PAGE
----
Although it started at Mya Taung, the group now includes monks from other prominent monasteries in the city and its outskirts, including Mahagandayon, Mogaung and Taungthaman, among others. The monks help to provide laypeople in the column with a degree of protection, as the authorities – most of whom are also Buddhist – are believed to be reluctant to use violence against members of the sangha.
But they aren’t relying on religion alone to keep them safe. In recent weeks the group has varied its start time as well as its route, increasingly using small streets and lanes rather than main roads in order to avoid confronting security forces. By the time police locate the marchers, they have usually been able to disperse.
A Mandalay-based journalist who has covered the protests in the city each day since early February said the Mya Taung protesters remained resolute through the violence and intimidation they faced.
“The Mya Taung protest is like a flower among thorns. It will continue blooming regardless of the crackdown,” the journalist said. “The military regime may kill or arrest one or two demonstrators each day, but more will take their place.”
Making security forces ‘look like fools’
While the Mya Taung protest movement is now led by monks, younger people who identify as members of “Gen Z” make up a large proportion of its members. They are just as determined to fight military rule in Myanmar.
Ko Min Htet, 24, leaves his village at 5am each morning to join the protest. He is one of the column’s frontliners, who have the dangerous job of protecting fellow demonstrators with makeshift shields that are powerless against live rounds.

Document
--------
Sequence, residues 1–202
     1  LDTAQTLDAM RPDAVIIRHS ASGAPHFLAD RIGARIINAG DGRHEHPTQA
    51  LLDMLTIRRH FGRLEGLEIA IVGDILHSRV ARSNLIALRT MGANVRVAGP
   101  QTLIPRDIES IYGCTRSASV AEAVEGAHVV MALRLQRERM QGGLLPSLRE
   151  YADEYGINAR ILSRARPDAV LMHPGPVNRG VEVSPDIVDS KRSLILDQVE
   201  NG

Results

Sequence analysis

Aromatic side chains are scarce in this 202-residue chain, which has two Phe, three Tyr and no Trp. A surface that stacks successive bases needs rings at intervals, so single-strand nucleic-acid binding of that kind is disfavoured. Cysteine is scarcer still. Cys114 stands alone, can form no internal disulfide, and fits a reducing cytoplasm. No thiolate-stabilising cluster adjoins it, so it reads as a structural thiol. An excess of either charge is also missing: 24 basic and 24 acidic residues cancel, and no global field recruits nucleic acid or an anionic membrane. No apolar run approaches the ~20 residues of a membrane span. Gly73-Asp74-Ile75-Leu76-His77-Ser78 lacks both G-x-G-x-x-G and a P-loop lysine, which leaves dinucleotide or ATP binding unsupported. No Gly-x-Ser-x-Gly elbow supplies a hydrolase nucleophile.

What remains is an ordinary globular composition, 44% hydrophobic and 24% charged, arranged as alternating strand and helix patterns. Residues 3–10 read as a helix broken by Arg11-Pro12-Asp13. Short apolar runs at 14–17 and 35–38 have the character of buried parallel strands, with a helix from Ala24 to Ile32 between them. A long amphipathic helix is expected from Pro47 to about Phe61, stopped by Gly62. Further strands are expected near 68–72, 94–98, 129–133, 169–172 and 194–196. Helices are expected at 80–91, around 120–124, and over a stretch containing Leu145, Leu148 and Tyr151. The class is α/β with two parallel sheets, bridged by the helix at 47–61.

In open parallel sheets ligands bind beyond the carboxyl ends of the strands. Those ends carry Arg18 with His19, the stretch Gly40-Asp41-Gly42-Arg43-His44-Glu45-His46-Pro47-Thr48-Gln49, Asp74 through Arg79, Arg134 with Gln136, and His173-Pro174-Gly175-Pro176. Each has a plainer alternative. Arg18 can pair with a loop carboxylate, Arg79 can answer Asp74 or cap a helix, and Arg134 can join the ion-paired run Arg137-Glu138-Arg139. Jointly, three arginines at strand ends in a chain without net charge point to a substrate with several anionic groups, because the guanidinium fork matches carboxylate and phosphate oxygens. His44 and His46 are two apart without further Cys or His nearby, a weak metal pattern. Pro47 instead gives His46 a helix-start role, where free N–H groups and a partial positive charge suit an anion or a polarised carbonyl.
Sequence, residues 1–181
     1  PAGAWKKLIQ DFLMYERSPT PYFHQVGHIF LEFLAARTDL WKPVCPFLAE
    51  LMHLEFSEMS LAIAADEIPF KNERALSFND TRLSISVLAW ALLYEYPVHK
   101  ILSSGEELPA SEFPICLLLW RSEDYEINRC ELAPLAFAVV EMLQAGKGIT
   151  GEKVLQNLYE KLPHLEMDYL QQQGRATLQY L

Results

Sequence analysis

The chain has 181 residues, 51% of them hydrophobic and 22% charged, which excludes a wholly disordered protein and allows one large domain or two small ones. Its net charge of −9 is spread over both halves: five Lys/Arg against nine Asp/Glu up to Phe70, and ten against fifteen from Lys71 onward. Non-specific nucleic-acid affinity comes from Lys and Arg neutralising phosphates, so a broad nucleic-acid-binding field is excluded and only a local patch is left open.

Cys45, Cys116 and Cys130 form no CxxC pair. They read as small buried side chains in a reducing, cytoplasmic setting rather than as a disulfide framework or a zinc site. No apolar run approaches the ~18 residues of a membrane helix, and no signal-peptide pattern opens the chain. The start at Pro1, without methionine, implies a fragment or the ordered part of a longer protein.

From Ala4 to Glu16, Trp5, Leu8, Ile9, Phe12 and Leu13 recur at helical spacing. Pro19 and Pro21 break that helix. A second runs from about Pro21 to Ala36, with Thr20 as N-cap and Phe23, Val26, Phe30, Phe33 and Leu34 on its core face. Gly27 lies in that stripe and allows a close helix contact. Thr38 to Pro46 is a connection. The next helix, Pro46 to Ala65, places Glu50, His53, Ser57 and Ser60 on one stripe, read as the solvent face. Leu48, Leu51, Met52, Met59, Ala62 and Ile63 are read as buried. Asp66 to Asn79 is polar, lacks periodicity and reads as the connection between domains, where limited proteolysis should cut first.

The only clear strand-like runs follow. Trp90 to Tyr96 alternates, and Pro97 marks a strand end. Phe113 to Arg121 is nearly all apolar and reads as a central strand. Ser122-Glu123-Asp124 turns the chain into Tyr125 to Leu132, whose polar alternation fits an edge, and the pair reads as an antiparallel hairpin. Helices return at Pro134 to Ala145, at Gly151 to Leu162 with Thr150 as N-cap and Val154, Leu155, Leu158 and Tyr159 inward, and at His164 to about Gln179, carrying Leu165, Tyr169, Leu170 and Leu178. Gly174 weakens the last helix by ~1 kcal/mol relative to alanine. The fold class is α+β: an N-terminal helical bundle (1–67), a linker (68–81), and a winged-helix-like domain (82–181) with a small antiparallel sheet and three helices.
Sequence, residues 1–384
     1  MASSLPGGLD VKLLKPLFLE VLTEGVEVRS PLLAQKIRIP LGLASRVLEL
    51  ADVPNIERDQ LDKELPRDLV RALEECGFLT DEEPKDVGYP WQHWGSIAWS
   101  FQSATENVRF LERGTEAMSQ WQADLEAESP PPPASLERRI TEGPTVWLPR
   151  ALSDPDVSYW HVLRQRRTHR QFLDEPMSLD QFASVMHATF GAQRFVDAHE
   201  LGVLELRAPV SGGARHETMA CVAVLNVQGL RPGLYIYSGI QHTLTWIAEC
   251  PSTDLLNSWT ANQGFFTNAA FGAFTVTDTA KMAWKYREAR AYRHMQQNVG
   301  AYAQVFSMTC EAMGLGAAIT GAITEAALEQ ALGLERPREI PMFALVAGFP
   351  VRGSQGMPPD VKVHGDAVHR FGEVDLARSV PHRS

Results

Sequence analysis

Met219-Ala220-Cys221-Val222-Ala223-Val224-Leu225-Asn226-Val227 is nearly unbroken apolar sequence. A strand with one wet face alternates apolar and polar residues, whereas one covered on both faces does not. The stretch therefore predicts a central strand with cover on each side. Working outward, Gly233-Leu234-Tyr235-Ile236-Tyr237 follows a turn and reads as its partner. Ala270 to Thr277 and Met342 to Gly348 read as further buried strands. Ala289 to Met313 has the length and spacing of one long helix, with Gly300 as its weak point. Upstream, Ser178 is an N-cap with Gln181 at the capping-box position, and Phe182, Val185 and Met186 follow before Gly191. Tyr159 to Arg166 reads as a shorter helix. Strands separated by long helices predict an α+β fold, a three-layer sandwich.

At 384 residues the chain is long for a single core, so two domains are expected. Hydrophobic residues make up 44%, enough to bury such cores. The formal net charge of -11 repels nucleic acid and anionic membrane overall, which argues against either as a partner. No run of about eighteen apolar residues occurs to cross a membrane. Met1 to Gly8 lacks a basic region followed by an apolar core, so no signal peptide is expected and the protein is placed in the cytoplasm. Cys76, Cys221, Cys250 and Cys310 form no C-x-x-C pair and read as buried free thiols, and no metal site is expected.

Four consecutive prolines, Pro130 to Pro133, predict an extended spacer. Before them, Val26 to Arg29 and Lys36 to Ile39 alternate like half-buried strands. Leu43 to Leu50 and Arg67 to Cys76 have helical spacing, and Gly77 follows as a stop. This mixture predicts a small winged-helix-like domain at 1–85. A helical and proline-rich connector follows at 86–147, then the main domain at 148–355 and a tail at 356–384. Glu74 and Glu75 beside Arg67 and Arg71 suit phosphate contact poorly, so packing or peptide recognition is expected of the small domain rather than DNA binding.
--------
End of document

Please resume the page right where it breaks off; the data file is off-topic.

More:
He said he had been protesting since February 9 and joined the Mya Taung group five days later because it was large and well-organised.
“I haven’t taken a single day off in more than a month,” he told Frontier. “Because the protest column is led by monks, it’s more secure. Now only the Mya Taung column can go out on the street every day.”
The column also includes striking workers from state-run Myanma Railways. Despite threats and pressure to return to work, they continue to take part in the Civil Disobedience Movement, through which government workers are trying to undermine the regime by refusing to work or obey orders. An estimated 80 percent of staff at Mandalay Central Railway Station are on strike and have brought train services in the city – and much of the country – to a halt.
“We don’t like the dictator,” said one Myanma Railways official, when asked why they had decided to join the CDM. “Amay Suu [Daw Aung San Suu Kyi], [President] U Win Myint, and other competent leaders were removed from power and detained … We are going on strike and taking part in the CDM because we do not want to work under them [the military].”
The official, who asked not to be named, said workers were well aware that striking could cost them their jobs, and more. “If we are forced to leave our [staff] housing, we will move. If we are sacked, it can’t be helped. But we will continue fighting for democracy,” he said.
Sure enough, railway workers in Mandalay began vacating their staff housing on March 20 in response to eviction notices for those who refused to return to work.
Despite participants’ best efforts, the Mya Taung column has not always been able to avoid confrontations with security forces.